Heatindexwave Strikes New Zealand

Antarctic Blast – Snow, ice, travel – full coverage

Posted by wwadmin on Tue, 26/07/2011 – 10:00
Filed in:National News
Bitter frosts this morning have followed the most widespread snowfall in New Zealand in 16 years.

The MetService has lifted all snow warnings, which had been in place for Taupo, Wanganui, Manawatu, and Taihape, as snow showers have now cleared in the central North Island.

However as the skies have cleared, severe frosts have set in, particularly in the South Island.

WeatherWatch.co.nz reported severe frosts in southern centres this morning, with the mercury dropping to -8 in Queenstown, -7 in Timaru, and -5 in Christchurch.

http://www.weatherwatch.co.nz/

h/t to Bruce of Newcastle

About stevengoddard

Just having fun
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2 Responses to Heatindexwave Strikes New Zealand

  1. I like goofing around in FlightGear a bit (q.v. (I like to pronounce the vide bit like Alex in that Burgess movie) http://www.flightgear.org/ ), and NZMF (or Milford Bay Airport) is quite a nice place to flap around in a slow plane. If I ever get the chance I will be on the South Island in a heartbeat. I just wish the immigration policies weren’t so strict.

  2. gator69 says:

    “Rare snowfalls across NZ, none in Auckland – yet

    WeatherWatch head analyst Philip Duncan said had been unconfirmed reports of snow flakes falling on Auckland’s Mt Wellington.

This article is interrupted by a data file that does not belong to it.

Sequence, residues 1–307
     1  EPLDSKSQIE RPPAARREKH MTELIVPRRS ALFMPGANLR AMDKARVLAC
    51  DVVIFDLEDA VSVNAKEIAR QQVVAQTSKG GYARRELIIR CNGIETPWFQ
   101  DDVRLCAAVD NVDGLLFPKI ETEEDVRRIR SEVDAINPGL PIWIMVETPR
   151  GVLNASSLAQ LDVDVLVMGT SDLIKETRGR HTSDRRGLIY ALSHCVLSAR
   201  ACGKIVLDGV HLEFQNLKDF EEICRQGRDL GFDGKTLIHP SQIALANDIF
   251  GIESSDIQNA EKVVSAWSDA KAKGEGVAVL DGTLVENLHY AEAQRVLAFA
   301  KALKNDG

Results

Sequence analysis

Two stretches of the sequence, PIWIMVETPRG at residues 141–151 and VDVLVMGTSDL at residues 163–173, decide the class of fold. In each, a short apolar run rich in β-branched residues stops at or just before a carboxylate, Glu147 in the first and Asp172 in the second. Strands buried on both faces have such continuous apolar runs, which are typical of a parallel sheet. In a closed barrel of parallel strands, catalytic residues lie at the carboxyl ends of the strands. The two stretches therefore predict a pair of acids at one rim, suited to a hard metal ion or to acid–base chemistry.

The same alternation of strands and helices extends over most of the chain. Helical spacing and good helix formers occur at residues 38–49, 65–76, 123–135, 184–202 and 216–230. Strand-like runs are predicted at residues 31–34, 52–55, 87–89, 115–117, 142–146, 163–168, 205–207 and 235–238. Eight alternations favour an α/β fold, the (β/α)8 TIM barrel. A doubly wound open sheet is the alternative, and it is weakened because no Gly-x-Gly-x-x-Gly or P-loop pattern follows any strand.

He said reports of snow fall were coming in thick and fast this morning.

    “We’ve had reports of snow in Lower Hutt and Wellington overnight and this morning. We’ve got reports of snow settling on the cars in Masterton for the last hour, snow at very lower levels at Lake Taupo and in Taupo itself, snow in Hawera, Stratford, Taranaki,” Mr Duncan said

    Mr Duncan said there had also been one unconfirmed report of snow near Raglan, in Waikato, however there had been very heavy hail in the region.

    “This isn’t the snow storm of the century … but what makes this system different … is the low snow level, which is sea level across much of southern and eastern South Island and to very low levels right across the lower North Island. This is a national event,” Mr Duncan said.”

    http://www.nzherald.co.nz/nz/news/article.cfm?c_id=1&objectid=10740652

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